I did a newspaper scheme to get more BAME [Black, Asian and Minority Ethic] people into journalism. My mum suggested it but I wanted to test my merit against my white counterparts. But she pleaded and I got a place and was surprised to see that the majority of black people in the building were in cleaning or catering. That’s when I realised things were problematic.

On this issue of recruitment, certainly at Stylist at least, we’ve found that when we’ve posted a job vacancy, there are remarkably less job applications from POC.

I always suggest organisations think bigger about where they place their ads, because there are tons of writers out there who are POC. If you can’t find POC among the experts, it means that there’s probably talent out there but with limited access to training, so be prepared to invest in that. There’s always under-celebrated POC. Headhunt them.

In your book you are critical of the British feminist movement. Regarding January’s women’s marches: there was criticism that it wasn’t viewed through a broad enough perspective. And that was met with defensiveness.

The thing about being involved in activism, you need to kill your ego for good to happen. I hate the term inclusive, because who’s including who? In order for things to be accessible, you have to stop thinking that things are an attack on you when people make sound structural points about how you’re organising. A movement isn’t any one person, it’s about a whole lot of people.

Should the Women’s March have been more accessible for all groups?

Full disclosure, I didn’t go. I wasn’t feeling too enthused by it. On principle, the US President has openly talked about sexually assaulting someone, yes, people need to turn out against that, but I just felt like it wasn’t addressing racial concerns.

I know that the organising committee seemed to try really hard but the thing is about a march full of hundreds of thousands of people – everyone is just joining along one baseline, which is: ‘sexism is bad’, and that’s one thing everyone is expected to agree on. But that’s not necessarily going to say that everyone who is coming under that umbrella gets racism so that’s why I didn’t go.

How can UK feminism move forward and how do we get it right?

I was involved in an activist group called Black Feminists back around 2012 and 2013 and I think we were treated abhorrently by feminism at large in Britain. We were constantly positioned as aggressive interlopers, trying to upset the movement, because we were saying that there needs to be a race analysis in this.

First off, there needs to be some accountability because now everyone is calling themselves intersectional but there were some women who put their necks on the line to advance that analysis of British feminism. When I and other black feminists were piping up about race and feminism they thought it was an attack on their sense of selves. They thought that we were saying you’re racist and that’s not what we were saying.

I felt emotionally exhausted by that and a month later I wrote the essay that became this book. It seems strange that we’ve skipped over that and shrugged and said, “Everyone’s intersectional” and left it at that.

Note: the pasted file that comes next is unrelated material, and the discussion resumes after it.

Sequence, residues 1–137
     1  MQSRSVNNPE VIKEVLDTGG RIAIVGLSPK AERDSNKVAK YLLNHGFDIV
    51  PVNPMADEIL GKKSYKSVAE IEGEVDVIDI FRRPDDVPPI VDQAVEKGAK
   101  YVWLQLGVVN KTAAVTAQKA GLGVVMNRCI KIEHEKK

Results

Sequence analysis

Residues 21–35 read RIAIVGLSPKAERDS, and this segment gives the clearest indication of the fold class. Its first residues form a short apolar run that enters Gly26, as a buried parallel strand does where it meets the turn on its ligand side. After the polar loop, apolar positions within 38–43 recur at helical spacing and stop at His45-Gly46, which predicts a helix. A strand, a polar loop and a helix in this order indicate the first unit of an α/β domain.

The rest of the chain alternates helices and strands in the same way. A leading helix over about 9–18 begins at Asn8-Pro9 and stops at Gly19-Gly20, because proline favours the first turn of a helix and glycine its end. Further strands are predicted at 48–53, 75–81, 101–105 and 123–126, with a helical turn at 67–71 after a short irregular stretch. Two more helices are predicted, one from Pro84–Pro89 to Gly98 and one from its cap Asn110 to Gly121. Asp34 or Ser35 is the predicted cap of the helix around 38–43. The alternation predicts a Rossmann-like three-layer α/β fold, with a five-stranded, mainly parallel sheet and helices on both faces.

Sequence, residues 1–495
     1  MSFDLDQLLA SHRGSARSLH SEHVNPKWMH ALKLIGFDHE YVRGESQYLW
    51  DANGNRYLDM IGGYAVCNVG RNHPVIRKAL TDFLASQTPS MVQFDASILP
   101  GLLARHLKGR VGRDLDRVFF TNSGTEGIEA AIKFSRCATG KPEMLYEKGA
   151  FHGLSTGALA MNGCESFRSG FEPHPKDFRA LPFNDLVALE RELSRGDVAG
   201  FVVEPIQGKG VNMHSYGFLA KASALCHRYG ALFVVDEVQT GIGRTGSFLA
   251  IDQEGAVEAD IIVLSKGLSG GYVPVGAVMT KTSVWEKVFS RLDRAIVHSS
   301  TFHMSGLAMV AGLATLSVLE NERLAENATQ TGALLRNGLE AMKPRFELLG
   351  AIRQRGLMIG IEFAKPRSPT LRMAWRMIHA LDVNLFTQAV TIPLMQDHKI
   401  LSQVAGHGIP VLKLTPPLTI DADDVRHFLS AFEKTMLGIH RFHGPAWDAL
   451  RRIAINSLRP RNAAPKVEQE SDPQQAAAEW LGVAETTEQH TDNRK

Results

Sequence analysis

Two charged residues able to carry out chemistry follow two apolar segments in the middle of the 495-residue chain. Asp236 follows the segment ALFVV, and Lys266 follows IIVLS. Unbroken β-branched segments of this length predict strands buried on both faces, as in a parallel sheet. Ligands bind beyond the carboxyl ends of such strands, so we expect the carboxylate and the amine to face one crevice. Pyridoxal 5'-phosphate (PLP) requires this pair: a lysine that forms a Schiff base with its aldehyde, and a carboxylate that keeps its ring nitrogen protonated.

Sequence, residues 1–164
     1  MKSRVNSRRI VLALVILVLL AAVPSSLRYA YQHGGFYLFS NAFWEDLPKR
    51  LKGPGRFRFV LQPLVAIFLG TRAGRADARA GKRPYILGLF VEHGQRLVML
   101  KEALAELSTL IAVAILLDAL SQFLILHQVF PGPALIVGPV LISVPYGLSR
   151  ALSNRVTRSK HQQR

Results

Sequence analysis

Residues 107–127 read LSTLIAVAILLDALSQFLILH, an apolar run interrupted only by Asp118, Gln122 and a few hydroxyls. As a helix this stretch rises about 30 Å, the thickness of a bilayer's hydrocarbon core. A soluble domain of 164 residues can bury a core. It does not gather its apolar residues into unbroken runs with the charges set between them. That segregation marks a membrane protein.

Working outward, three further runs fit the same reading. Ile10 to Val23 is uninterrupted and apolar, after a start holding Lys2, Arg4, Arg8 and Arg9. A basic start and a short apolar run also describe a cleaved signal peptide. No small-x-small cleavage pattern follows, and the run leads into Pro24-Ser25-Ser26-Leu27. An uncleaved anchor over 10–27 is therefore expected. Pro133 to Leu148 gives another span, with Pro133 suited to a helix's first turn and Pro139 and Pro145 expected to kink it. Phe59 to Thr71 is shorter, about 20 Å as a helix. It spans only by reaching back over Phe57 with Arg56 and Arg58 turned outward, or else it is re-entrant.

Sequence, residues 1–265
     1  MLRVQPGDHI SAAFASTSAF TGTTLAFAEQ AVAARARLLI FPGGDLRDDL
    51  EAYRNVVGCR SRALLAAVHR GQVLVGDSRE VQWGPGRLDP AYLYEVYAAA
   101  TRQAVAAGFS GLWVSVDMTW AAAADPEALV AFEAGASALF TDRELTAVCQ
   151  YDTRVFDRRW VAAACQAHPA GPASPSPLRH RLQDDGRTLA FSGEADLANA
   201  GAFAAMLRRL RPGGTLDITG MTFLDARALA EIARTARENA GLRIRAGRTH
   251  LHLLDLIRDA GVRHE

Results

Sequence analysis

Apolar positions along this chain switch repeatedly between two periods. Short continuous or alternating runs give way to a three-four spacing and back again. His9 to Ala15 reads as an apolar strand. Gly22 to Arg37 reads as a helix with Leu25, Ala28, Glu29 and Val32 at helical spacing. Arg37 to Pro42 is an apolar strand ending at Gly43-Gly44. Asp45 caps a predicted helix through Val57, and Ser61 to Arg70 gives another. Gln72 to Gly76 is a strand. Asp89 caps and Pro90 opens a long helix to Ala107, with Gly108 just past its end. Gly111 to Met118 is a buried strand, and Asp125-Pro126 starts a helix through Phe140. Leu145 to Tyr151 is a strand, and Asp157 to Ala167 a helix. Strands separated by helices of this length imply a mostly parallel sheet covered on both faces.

But it’s the same as being colourblind, isn’t it? It’s saying we’ve recognised it but let’s move on.

I think that instead of being paralysed with fear over whether we’re going to upset people, first I would try to understand a perspective. But I don’t need to do that for the ‘white perspective’ because I’ve been surrounded by it my whole life.

If anyone is in the position where they need to understand the perspective of a marginalised group then that suggests that the current system is working in their favour, so just try to grasp that perspective.

How would you suggest people do that?

I can tell you what really helped me understand the perspective of trans people. The TV series Transparent, but before that just listening and reading the work of trans writers online and listening and reading the work of sex workers online also drastically changed my perspective. It made me look at some of the stuff I used to say and ultimately cringe. But I now have a better understanding of sex workers and why they would want decriminalisation.

In terms of race, I don’t really read that many people as I’m very careful not to read someone’s work and then regurgitate it. But I’m always thinking, ‘Whose perspective do I need to understand?’

For instance, when I ended up doing a job where the commute required me take my bike on the train, I realised that everywhere has got steps. There’s no way that you can navigate these things if you’re in a wheelchair; you just can’t physically get around the outskirts of north London if you’ve got mobility issues. It’s not something I’d considered before. It’s ultimately just an act of compassion, isn’t it?

If the framework is inherently racist, which I think you argue pretty effectively that it is, people feel helpless. Are there things we can we do?

Undoubtedly, yes. I used to be more of an activist but now I consider my work to be activism. It’s really important not to lose hope. Everything we do to address injustice contributes towards a wider march towards progress.

Look, 100 years ago women were in a situation where we couldn’t access education. You and I would not be having this conversation. We’d be in the kitchen, with our seven kids. It’s been slow, incremental work that has essentially changed the landscape for women and it’s the same for race so I see no point in collapsing into despondency.

I do think that the framework is inherently racist but that doesn’t mean that we should stop trying to change. History is on our side with this.

Images: Mark Harrison for Stylist, Instagram/Kylie Jenner, Rex Features, iStock